Will Self’s writing room — note all the Post-its!
I’m in love with writing outside. While in college, I used to sit outside the library against a large stone that served as my backrest. Though it wasn’t the comfiest place in the world, it was the place where I wrote some of my greatest college essays and where I did my best studying.
At times I got distracted – too many people walking in and out of the library could make for hours of great people-watching and listening, but the distractions helped me. I’m an organized person and like things to be in their place, but when I write, I need some dishevelment and distractions.
When I studied in the library at night or during the winter months at college, I would always read the dozens of scribbles on the cubicle walls. My mind would wander as I wondered whether calculus still sucks or whether Johnny still loves Whitney like he did back in 2003 when he dotted the “i” in Whitney’s name with a heart.
When writing, I like listening to music or glancing up every now and then and seeing cars drive by or hearing people talk. As I write this post from my porch, I’m smelling the barbeque my next-door neighbor is cooking, I’m listening to Rihanna’s “Hate That I Love You,” I’m watching an occasional car drive by (a cool red moped just sped down the street), and I’m feeling the dampness of the rain on the couch cushions I’m sitting on. Wow, just now a woman walked by the apartment complex talking to her dog about how much she thinks people here (at the apartment?) are rude. See, I never would have heard that if I were sitting inside!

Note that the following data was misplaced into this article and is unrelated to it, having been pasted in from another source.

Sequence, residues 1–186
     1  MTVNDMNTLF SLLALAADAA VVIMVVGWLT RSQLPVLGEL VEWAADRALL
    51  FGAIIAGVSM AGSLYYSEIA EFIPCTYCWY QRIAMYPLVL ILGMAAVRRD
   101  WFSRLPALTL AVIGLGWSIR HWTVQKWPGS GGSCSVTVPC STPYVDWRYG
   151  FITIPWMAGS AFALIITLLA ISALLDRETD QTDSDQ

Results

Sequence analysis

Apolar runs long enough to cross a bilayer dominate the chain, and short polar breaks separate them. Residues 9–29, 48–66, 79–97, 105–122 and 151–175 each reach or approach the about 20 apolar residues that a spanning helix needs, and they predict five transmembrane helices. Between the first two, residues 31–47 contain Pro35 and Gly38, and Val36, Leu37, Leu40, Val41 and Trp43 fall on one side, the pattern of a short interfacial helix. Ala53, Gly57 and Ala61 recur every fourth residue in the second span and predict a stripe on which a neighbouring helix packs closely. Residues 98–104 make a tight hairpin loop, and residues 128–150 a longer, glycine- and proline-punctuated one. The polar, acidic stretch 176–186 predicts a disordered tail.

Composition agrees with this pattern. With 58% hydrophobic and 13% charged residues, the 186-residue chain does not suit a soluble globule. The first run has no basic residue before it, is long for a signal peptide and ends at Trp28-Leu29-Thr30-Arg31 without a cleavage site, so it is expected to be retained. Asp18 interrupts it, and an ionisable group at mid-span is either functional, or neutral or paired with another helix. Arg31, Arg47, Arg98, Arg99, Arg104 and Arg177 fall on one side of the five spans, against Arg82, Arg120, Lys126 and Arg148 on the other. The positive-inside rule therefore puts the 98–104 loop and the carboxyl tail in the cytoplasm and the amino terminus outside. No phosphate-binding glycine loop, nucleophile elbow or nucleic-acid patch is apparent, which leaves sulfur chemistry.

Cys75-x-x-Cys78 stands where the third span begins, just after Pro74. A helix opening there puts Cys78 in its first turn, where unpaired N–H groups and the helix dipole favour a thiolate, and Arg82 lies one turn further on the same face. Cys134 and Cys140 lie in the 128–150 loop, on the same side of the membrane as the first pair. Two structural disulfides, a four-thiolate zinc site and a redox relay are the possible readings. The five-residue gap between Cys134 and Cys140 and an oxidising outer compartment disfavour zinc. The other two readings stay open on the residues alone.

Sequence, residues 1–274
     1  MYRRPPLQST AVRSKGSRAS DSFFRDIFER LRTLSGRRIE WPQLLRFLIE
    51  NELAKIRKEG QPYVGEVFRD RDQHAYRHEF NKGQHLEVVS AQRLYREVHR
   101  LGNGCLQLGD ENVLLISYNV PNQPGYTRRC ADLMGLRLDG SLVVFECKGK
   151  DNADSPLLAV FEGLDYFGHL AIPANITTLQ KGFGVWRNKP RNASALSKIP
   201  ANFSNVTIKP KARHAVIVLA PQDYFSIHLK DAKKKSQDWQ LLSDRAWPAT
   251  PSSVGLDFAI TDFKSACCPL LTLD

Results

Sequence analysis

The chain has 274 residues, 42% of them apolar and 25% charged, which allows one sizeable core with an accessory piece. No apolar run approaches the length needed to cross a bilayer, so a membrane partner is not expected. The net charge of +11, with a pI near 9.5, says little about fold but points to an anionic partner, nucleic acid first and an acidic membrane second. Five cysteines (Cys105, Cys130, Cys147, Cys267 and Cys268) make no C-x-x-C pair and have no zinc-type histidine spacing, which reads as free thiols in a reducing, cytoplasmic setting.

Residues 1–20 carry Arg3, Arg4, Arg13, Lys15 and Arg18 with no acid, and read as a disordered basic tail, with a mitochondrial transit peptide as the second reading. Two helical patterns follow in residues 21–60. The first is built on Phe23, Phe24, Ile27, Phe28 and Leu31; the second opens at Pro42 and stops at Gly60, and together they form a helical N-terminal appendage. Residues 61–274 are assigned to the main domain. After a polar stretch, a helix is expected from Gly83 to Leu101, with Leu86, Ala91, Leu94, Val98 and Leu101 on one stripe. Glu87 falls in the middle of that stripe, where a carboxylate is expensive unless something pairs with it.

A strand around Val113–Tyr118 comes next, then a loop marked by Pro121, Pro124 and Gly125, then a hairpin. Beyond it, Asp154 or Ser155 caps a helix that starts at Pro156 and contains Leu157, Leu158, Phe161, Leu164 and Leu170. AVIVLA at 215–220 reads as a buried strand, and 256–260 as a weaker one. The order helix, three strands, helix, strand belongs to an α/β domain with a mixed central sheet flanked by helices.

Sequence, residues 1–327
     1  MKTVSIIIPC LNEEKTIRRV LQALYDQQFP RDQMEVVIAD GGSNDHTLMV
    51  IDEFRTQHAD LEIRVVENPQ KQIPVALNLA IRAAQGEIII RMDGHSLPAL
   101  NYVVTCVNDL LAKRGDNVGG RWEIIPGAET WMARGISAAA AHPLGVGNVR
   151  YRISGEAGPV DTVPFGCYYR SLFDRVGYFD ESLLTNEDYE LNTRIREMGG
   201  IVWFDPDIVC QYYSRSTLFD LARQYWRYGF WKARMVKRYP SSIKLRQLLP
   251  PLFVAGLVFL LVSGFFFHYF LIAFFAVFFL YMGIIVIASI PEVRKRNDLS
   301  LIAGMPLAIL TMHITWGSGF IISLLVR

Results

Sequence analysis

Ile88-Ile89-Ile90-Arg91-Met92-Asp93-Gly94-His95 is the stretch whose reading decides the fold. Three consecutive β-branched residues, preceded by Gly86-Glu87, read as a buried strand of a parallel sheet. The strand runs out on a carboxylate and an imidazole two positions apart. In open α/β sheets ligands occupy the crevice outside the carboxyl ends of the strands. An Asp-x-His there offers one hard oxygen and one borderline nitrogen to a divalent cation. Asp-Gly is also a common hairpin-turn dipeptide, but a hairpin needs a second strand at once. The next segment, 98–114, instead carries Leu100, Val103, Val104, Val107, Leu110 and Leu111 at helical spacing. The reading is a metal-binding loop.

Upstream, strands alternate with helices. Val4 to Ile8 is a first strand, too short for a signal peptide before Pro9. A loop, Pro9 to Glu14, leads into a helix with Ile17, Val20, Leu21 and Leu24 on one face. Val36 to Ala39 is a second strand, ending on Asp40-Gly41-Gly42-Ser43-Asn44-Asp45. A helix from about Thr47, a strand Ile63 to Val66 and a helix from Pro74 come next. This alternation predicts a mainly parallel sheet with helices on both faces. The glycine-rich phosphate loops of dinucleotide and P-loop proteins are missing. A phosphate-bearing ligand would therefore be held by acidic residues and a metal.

But there’s something to be said for sitting inside, especially when you have a special room for writing. There’s a neat site I found when reading Snarkmarket that has photographs and descriptions of different writers’ rooms. My favorite rooms belong to Seamus Heaney, Antonio Fraser, and David Lodge. I like Heaney’s room because it’s in an attic. Attics emit an aura of mystery and history. They’re the place where trinkets are stored and treasures grow. I would think that such an environment would foster great story ideas.
Fresh air keeps the ideas flowing, too. I like Fraser’s room because of the wide open window and all the books, and Lodge’s room is cool because of the emphasis he places on his chair. Check out Lodge’s chair, which is “ergonomically state-of-the-art,” compared to Colm Toibin’s chair, which is “one of the most uncomfortable ever made.” Toibin adds, “After a day’s work, it causes pain in parts of the body you did not know existed.” Writers have their own ideas about what works for them.
Edna O’Brien doesn’t have a computer in her writing room. “I write by hand. I do not understand how people can arrive at even a flicker of creativity by means of a computer,” she says. Sarah Walters, on the other hand, says, “All I need in a study is a flat surface, a computer, and a closable door; a large ward- robe would probably do.”
Here is my writing room: (My personal photos haven’t been uploading correctly…)
What do you need/like to have in your writing room? If you don’t have a room designated for writing, do you want one, or do you just like writing anyplace, anytime, anywhere?
2 thoughts on “A Glimpse Inside Writers’ Rooms”
Heaney has a picture of Yeats in his room that Yeats’s father painted. Fantastic! I want it! I did my thesis on Yeats.
I didn’t even notice that! Awesomeness.